In the centre of Gooik stood a classic single family house. One house had to become two houses, on the same plot. The house was demolished and replaced by two row-houses that mirror each other. The design started from the principle of organising the houses in a vertical way rather than horizontally, with a minimum width and maximum height; hence, living in a limited space with the atmosphere of a tall house. The front and back facade consist of red bricks with white joints. A third intermediate facade was added that is slightly set back from the front facade, creating space for parking and terraces. Even though very compact, the houses contain everything needed for comfortable living. Each floor houses a specific function. The ground floor contains the kitchen that is connected to a communal back garden, the first floor houses the living room that connects to a terrace in front of the house and looks out over the park on the opposite side of the street through an opening in the front facade, the second floor holds a bathroom and dressing, and the third floor contains the bedroom. The gabarit of the facade is the result of various governmental guidelines and parameters of the site that needed to be followed. It follows and connects to the height of the roofs and facades of the neighbors, and reaches the maximum height allowed.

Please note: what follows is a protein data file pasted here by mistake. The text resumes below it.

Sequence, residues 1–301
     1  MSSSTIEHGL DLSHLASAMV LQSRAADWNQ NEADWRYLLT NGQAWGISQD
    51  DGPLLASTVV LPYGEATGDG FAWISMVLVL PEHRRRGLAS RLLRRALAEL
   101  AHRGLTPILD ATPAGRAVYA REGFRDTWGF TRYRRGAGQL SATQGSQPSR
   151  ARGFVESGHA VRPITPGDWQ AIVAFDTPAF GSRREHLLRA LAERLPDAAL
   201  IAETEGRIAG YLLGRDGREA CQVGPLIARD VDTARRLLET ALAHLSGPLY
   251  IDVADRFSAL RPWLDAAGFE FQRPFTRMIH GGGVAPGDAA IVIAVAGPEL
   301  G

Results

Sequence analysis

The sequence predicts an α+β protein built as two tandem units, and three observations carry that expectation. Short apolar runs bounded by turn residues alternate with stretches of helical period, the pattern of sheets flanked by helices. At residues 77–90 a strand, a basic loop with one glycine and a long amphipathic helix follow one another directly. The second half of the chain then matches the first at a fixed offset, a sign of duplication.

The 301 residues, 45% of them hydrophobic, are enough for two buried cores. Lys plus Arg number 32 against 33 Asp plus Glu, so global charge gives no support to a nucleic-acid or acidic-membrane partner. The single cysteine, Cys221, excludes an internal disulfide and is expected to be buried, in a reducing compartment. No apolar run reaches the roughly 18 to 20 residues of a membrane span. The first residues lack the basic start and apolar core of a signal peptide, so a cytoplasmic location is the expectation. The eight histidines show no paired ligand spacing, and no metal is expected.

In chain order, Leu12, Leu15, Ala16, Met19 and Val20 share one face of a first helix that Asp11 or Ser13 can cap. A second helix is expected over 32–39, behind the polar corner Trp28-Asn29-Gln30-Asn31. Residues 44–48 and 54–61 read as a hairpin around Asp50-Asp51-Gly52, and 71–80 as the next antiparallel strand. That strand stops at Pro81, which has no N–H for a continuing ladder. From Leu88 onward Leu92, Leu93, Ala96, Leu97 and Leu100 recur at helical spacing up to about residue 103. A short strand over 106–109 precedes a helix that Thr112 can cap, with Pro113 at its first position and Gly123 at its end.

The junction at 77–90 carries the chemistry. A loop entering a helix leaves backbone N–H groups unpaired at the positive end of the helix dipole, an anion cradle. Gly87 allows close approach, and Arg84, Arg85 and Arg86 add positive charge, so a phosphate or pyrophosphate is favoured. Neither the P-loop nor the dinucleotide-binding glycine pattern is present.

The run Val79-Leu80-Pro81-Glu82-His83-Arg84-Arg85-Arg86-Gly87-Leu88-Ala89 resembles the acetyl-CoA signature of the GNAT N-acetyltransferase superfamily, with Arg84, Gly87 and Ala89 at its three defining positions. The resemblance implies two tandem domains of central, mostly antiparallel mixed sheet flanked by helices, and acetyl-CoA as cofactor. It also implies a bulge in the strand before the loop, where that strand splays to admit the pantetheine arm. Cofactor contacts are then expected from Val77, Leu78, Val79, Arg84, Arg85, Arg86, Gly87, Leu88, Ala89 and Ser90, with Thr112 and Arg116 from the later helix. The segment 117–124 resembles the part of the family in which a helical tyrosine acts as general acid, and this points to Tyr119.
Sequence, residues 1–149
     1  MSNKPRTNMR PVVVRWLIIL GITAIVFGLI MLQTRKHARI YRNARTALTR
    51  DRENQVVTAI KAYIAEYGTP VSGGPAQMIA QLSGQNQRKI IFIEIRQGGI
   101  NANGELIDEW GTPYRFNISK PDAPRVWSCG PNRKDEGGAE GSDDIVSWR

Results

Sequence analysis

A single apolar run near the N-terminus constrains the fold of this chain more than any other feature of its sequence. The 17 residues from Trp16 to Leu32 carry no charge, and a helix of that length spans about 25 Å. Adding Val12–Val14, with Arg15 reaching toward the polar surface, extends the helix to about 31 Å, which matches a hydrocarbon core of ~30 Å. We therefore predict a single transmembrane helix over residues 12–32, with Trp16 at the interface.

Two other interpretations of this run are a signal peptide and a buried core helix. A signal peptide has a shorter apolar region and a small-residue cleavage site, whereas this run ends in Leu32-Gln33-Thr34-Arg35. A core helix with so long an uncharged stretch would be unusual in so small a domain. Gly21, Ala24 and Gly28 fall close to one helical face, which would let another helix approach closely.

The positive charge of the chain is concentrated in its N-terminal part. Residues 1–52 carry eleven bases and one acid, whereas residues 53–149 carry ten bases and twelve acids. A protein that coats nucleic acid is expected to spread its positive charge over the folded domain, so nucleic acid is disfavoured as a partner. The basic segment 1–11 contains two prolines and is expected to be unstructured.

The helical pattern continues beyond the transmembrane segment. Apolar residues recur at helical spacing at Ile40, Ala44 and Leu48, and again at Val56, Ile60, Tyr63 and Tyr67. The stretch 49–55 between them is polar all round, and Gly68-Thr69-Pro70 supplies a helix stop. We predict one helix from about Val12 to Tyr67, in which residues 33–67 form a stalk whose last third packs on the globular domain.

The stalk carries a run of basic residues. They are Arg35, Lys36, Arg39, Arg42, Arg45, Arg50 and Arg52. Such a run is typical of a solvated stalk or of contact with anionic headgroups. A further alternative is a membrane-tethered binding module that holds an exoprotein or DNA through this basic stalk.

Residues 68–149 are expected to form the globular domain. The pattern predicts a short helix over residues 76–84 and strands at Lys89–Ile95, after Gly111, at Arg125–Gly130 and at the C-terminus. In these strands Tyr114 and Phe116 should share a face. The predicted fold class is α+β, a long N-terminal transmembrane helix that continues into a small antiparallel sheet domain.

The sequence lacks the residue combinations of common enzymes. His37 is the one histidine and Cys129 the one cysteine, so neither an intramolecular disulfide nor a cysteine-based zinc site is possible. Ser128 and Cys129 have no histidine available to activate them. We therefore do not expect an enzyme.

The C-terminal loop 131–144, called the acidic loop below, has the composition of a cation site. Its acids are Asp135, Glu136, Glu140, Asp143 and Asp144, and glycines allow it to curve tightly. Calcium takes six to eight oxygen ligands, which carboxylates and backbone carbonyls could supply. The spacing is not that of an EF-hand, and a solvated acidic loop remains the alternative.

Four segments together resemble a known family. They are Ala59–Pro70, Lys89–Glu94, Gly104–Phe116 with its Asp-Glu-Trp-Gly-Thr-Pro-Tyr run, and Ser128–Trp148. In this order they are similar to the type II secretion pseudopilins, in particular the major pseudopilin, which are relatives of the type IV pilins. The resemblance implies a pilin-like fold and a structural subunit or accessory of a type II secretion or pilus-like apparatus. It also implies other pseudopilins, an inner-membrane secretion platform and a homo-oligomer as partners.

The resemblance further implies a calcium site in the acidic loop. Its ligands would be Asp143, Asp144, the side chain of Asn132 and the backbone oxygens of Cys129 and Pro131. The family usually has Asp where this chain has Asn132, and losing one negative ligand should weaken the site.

The communal wall between the two houses is constructed of visible silka building blocks. Every now and then, a square block sticks out of the wall, which then supports a round concrete beam. Subsequently, the round beams support a wooden floor. The three blue metal spiral staircases are supported by steel beams that span the width of the houses, and are mounted against the walls, not into them. Hence, the project follows the logic of a stacking system, causing the floors, beams and staircases to be independent from one another.